with colored pencil
Fascinated by the transient expressions and feelings of his subjects, Uli Knörzer attempts to capture a moment in time. The Berlin-based illustrator draws richly detailed portraits that are simultaneously revealing and elusive. By positioning each subject against a solid backdrop, Knörzer eliminates the contexts that inspire their particular looks and moods. “Because a tilt of the head and look to the side or a smirk could be just that but by putting it on paper, detached from their surroundings, that fleeting moment can be charged with a completely different meaning. All of a sudden someone very outspoken and extroverted can appear very introspective, etc,” he shares with Colossal.
Always focused on idiosyncracies, Knörzer says his choice in subjects is particular. “It’s always the side scene, someone in the background, or a backstage moment that draws my attention, and I imagine what their ‘deal’ is, so I love to put them front and center,” he says. He then sketches the subjects entirely with colored pencils, highlighting the texture inherent to the medium.
Many of the deflty rendered portraits shown here are part of a commissioned project for Highsnobiety that centers on Black hair. Having previously worked on a variety fashion and journalistic endeavors, Knörzer received direction on styles and runway looks from the magazine and was able to determine the rest. “I had the freedom to draw people the way I saw them in those clothes and with that hair. And that’s how I like it the most,” he tells It’s Nice That.
Knörzer’s background includes a lifelong love of portraiture—he shares that he would draw his teachers as a child and enjoyed paging through books of Tomi Ungerer’s work—and a degree in graphic design and typography from HfG Offenbach. Explore more of his figurative illustrations on Instagram.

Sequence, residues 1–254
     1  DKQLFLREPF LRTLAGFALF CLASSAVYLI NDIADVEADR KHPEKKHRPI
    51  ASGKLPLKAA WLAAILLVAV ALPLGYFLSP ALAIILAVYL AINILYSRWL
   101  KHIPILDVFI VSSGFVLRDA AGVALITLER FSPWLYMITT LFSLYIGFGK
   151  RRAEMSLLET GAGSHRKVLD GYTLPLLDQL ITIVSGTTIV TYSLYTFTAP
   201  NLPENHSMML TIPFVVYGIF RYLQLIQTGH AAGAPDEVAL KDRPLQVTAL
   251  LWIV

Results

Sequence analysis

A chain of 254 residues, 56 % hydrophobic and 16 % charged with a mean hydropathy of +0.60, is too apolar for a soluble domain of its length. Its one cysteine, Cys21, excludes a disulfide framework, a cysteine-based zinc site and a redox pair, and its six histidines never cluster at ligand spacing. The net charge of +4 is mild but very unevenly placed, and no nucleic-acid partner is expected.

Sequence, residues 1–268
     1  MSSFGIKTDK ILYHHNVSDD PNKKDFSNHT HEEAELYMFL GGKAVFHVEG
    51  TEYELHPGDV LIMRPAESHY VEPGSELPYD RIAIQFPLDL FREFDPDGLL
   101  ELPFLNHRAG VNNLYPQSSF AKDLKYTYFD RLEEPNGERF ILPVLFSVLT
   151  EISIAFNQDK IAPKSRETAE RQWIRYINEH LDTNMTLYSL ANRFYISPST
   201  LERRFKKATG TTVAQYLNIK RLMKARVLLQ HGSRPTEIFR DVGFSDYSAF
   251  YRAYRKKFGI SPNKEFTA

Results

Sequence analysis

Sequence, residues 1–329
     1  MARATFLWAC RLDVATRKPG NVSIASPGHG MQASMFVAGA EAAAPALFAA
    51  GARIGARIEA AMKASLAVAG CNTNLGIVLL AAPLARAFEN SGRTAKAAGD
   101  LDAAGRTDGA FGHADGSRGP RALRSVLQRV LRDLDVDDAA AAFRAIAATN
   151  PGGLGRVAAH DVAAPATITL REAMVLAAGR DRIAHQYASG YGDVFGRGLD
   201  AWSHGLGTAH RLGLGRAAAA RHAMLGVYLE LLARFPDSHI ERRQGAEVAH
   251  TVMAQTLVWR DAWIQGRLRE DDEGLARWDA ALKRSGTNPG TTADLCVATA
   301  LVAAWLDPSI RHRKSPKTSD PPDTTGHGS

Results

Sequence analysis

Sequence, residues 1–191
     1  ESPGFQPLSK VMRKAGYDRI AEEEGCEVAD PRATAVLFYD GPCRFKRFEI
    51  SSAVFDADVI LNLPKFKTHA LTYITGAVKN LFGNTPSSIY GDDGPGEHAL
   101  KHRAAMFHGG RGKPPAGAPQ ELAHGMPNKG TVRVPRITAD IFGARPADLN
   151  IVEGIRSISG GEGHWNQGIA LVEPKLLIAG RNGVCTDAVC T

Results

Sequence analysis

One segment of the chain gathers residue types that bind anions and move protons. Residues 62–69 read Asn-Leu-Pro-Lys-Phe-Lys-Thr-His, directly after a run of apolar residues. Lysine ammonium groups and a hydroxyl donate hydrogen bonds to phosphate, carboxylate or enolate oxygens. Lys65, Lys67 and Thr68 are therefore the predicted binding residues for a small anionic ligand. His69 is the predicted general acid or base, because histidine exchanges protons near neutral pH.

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The posed women in Hanna Lee Joshi’s latest series are comprised of vivid gradients: their chests are cobalt, shoulders rose, and palms lime. Created with gouache and colored pencil, the bright hues stray from flesh tones in favor of what Joshi terms “a more otherworldly aspect in my women. Reclaiming the goddess within and exploring the concept of embodying an ephemeral spirit in form,” she says. By rendering their enlarged, curved torsos and limbs in bold shades, Joshi subverts the tradition of the nude figure.
The Korean-Canadian artist, who’s based in Vancouver and recently was part of the group show “Somebody” at Hashimoto Contemporary, is concerned with how idiosyncratic experiences transcend the personal, which is why the subjects are all anonymous. Each work is, in part, a self-portrait that encompasses the physical, mental, and spiritual.
It is my way of coming to terms with being ok with taking up space; in society, in my day to day life. My pieces range from exploring a feeling of being contained within social constraints or self-created limitations to depicting the ceaseless chase for freedom. For me, it is a therapeutic reclaiming of how female bodies are depicted, little by little dismantling any internalized misogyny or any notion of how a woman should be or behave. It is a constant process where I am attempting to redefine how I see myself.
The unclothed figures also share messages with the positions of their elongated fingers and hands. Joshi depicts them with yogic mudras to embody “the beautifully poetic gestures that are so loaded with powerful symbolism,” she says.
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WanJin Gim (previously) continues to amaze with his detailed drawings that show the nuanced colors and textures of bare skin. Most often working on kraft paper, Gim uses cross hatching—a technique most commonly associated with ink drawings or prints—with an array of colors to capture hands, arms, feet, and the occasional cat. Though simple in subject, Gim’s drawings pulsate with the gestural energy that informs the postures of each carefully rendered limb. You can see more of the Seoul-based artist’s work on Instagram, and find prints of his drawings on Gim’s online store.
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Artist Cj Hendry (previously) rocketed to fame in 2017 with her unbelievably realistic colored pencil drawings of daubs of paint. For her upcoming solo show, which opens on April 10 in Brooklyn, the artist continues in her signature style, focusing on precisely rendering the imprecise nature of Rorschach blots. Each drawing by Hendry balances hyperrealism with abstraction and depicts a vibrant mirror image of a mix of squished paint, recreated in colored pencil.
The show is housed in an all-white inflatable bounce house, a playful nod to the test’s origins as a psychological diagnostic tool. RORSCHACH runs through April 21, 2019. You can see more of Hendry’s in-progress and completed drawings on Instagram. (via Trendland)
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Editor's Picks: History
Highlights below. For the full collection click here.